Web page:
To deploy a variety of different algorithms on various environments, software dependencies may be troubling. A decent solution for it is to containerize algorithms. By using Docker, every algorithm is like a building block, which is easy to switch to one another. The plug and play feature on docker containers provide us with simple deployment on both simulation and real environments.

Iii-D Comparing Deep Learning to Classic Approaches

Deep learning has influenced the robotic research in the past few years. The challenge has always been proving deep learning is better than classic approaches. We believe that both are good but in different aspects. Classic approaches may deal with a problem with a really great performance, on the other hand deep learning methods might be more reliable to unexpected environment changes. Our goal is to compare the two and discuss the pros and cons of each method.

Iv Vehicle Design

The WAM-V system has one multi-enclosures on payload which can be seen in Fig. 3, which split into two power enclosures, one sensor enclosure, one controller enclosure, and one hydronphone enclosure.

Fig. 3: Hardware

Iv-a Propulsion

Two forward thrusts are used for the differential drive system. Each motor is capable of 80 lbs of thrust. It is the simplest to implement with the least amount of cost. We once considered holonomic drive which enables the mobility of the USV, but it requires at least three thrusters and it has much more complicated control motion. In addition, we think there must be some reason that no holonomic drive USV is currently working in the ocean.

Iv-B Sensor System

The sensor system is build as an sensor tower and an independent sensor for underwater acoustic array for the competition. The sensor tower has 4 levels, each mounted with different sensors. (shown as Fig. 3) One 3D LiDAR, three depth cameras, an IMU, and a GPS are used to sense the environment. These sensors could localize our USV and target objects. There is also an underwater hydrophone array for detecting underwater pingers.

Iv-C Computation

This paper presents a multi-computing-unit system. A Industrial Personal Computer(IPC) served as the main computing unit. Through ethernet it communicates with all other computing units, such as Nvidia Jetson TX2, and Raspberry Pi 3 for different purposes. The Nvidia Jetson TX2 is used to gather depth camera sensor data and sent back to the IPC. The Raspberry Pi 3 is used to control motors. Every unit in the system is connected by ethernet and communicate with ROS.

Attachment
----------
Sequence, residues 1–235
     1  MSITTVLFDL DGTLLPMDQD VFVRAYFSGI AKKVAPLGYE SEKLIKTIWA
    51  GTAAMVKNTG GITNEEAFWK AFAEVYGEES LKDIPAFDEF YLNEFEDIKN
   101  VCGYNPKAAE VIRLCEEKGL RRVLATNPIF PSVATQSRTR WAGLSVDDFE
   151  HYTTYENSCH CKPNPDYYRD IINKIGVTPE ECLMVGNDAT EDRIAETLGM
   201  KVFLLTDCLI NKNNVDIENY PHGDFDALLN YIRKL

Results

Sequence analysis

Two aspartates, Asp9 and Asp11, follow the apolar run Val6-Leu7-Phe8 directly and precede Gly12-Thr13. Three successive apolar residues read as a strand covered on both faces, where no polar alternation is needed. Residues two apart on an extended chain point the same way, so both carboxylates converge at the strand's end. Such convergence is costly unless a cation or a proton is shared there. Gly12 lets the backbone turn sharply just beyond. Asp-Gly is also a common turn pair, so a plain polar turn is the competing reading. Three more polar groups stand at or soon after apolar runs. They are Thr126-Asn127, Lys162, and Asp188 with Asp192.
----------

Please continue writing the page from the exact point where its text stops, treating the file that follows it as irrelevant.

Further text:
Computation Units

Number

Processor

Spec/Used

ASUS Laptop (GX501) 1 GPU GeForce GTX 1050 Ti
NVidia Jeson TX2 3 GPU Pascal 256 CUDA cores
Raspberry Pi 3 (Ne- 9 VPU Myriad 2 Vision
ural Compute Stick) Processing Unit
Raspberry Pi 3 1 Propulsion
Raspberry Pi 3 1 Visual Feedback
Raspberry Pi 3 1 Launching and Recovery
Raspberry Pi 3 1 Detect and Deliver
TABLE I: Computation Units

V Software system design

Fig. 4: The software architecture

V-a Overall System

The software is built upon the ROS interface, several nodes are built for distinct functionalites and they communicate with each other via ROS messages and services. The ROS package tree contains nodes shown in Figure 4

There are nodes that deal with path planning, localization, control, perception, classification, etc. Some of the ROS nodes are contained in docker for easier deployment.

V-B AI Agent

To generalize the usage of this system, we introduce the concept of AI agent. The idea is to build it so its compatible for OpenAI gym [brockman2016openai].